Transitioning from Hay to Green Grass

Hello. I am planning on moving horses from hay only to pasture boarding in a green grass field. It is winter but the grass is still lush and green and I don’t want to risk colic or founder. I know it is recommended to graze for 15-20 minutes at first and slowly increase grazing time each day but I have nowhere to put the horse that doesn’t have grass.

Would it be okay to put the horse in a round pen (~45 feet in diameter) for a week or two before turning him out to a 0.1 acre pasture or will the round pen still provide too much grass for the horse? Would mowing the round pen before the horse arrives make it such that the horse would not have too much grass?

Thanks!

Any chance to keep horses in stalls while they transition onto grass? Because even the grass in the round pen could be too much.

Where are you located? Green lush grass down in Texas this time of year is a whole different story than grass up in Rhode Island right now…

I’m located in North Carolina.

You could put him in a small pen (with some hay) and gradually add panels.

I think I would use the round pen with a muzzle for a day or two, then no muzzle for a few days. I would then transition to the field during the day and the round pen at night for a few days.

I am in NC and, my fields have been seeded with winter rye. Due to the cold snap we had about 2 weeks ago, the winter rye is negligible this year – I am amazed that you have green and lush grass!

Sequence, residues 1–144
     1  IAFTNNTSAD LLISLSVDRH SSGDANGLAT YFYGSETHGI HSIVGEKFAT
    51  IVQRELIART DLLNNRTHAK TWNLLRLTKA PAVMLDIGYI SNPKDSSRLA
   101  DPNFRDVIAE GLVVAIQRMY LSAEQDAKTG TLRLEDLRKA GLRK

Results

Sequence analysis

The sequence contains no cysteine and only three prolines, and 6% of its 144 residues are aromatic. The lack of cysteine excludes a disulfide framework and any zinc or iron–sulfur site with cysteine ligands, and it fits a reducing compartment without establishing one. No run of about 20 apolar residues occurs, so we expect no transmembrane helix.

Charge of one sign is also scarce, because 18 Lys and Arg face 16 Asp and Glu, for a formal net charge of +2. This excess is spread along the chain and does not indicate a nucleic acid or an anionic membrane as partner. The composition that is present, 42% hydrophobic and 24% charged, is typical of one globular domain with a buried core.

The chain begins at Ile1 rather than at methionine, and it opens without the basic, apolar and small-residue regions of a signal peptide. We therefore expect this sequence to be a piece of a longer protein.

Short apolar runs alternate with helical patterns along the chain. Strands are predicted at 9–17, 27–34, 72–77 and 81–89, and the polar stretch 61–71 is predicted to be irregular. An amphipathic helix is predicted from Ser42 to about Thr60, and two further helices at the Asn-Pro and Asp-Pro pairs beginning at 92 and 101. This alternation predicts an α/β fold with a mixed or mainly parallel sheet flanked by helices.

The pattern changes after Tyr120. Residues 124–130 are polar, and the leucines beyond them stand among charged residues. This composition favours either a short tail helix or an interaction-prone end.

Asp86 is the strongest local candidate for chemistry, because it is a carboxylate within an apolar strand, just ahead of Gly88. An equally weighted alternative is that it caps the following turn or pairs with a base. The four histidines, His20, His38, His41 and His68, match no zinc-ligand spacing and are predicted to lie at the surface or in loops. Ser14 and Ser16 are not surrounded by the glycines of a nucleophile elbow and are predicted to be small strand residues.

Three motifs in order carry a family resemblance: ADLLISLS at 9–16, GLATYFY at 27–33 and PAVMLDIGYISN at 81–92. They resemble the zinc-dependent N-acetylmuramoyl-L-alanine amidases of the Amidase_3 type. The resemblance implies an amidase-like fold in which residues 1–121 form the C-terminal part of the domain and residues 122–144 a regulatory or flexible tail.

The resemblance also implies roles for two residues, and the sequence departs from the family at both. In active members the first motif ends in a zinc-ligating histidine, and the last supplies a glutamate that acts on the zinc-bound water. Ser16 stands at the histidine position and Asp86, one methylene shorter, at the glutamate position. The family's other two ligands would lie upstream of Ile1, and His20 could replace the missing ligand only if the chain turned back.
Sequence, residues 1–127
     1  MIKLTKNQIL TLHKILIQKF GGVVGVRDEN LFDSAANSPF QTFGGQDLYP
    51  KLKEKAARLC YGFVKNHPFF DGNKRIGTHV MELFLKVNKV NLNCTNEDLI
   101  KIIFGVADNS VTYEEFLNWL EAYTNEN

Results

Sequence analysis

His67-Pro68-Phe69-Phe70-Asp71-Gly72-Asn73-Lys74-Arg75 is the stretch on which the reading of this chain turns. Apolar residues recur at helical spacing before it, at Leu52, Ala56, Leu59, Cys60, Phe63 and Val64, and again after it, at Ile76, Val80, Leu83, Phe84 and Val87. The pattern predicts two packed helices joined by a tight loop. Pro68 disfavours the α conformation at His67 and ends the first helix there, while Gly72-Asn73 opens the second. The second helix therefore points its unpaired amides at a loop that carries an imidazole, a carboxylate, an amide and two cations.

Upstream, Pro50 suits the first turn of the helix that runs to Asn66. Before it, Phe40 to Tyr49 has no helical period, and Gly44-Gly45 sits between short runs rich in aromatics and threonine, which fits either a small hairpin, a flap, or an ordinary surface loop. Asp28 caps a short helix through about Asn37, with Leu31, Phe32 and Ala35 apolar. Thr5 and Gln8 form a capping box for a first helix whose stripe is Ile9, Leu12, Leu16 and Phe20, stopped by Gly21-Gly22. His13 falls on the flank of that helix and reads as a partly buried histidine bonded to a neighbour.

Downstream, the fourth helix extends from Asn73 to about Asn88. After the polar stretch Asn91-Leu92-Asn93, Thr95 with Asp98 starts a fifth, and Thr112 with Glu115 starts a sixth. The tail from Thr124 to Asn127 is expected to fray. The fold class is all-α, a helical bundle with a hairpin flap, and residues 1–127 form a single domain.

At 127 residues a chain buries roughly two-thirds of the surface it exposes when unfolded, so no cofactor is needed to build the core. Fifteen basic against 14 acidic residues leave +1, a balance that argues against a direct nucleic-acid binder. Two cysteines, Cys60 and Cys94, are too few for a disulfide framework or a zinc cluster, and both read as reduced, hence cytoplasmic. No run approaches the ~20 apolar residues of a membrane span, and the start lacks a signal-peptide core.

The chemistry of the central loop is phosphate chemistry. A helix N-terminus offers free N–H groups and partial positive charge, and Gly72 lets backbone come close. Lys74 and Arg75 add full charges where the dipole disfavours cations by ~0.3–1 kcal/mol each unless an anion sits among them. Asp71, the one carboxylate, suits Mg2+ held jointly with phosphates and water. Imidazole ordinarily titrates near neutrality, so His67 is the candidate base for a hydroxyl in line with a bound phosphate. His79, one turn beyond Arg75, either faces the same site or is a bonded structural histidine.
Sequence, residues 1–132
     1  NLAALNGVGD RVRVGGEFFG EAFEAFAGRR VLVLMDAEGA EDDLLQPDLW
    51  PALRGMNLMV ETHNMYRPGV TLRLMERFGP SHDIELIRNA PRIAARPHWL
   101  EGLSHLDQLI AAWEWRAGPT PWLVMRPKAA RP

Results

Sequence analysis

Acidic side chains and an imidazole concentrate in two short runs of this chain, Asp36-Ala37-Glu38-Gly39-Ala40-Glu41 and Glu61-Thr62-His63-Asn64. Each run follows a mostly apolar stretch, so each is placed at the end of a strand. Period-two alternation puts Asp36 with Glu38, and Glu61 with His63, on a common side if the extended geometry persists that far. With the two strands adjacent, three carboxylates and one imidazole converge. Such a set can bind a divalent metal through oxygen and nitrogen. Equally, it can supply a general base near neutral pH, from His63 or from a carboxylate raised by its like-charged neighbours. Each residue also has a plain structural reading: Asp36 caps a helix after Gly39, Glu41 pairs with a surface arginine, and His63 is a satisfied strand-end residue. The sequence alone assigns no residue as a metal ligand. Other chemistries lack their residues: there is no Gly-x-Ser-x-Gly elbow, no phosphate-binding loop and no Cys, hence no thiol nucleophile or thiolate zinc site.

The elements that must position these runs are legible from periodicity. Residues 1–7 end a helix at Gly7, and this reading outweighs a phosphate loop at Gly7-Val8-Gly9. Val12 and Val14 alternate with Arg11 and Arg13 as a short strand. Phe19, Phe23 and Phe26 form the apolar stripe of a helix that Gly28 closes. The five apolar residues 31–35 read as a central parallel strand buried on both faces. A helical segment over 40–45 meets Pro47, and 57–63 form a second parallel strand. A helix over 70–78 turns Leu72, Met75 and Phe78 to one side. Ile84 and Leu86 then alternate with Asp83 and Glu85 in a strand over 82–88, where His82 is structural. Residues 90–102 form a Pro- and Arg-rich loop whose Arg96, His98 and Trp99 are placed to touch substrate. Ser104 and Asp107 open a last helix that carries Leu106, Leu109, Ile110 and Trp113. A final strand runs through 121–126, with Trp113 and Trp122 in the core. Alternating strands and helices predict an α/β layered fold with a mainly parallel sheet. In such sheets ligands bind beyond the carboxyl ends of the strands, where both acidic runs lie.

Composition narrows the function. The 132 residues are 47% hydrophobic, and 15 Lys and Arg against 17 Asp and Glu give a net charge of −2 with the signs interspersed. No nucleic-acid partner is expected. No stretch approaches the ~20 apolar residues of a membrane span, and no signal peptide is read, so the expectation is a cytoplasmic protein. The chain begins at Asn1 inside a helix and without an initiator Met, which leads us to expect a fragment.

The guidelines for putting a horse on grass differ depending on the sugar content in the grass. Fast growing, late spring grass has a high sugar content, as does early morning grass. That is why you see/hear of horses foundering in the spring. Same is true of horses who are not used to grazing being turned out 24/7 when they can eat the early morning grass.

At this point in NC, I would let them graze and eat pretty much whatever they want. Winter rye does not contain a lot of sugar.

Again, I am amazed at the grass you have. I have 2 horses on 5 acres and another 2 on 4 acres and they have pretty much eaten all the stems and are now kept busy with nibbling, which is why I continue to feed hay all winter. The grass we have now looks good and gives the horses something to do all day, but it does not contain all the nutrients that a horse needs.

Winter rye has the potential to be the highest grass in sugar content of ANY kind of grass. Especially under sunny, cool conditions.
Be VERY careful introducing horses to rye.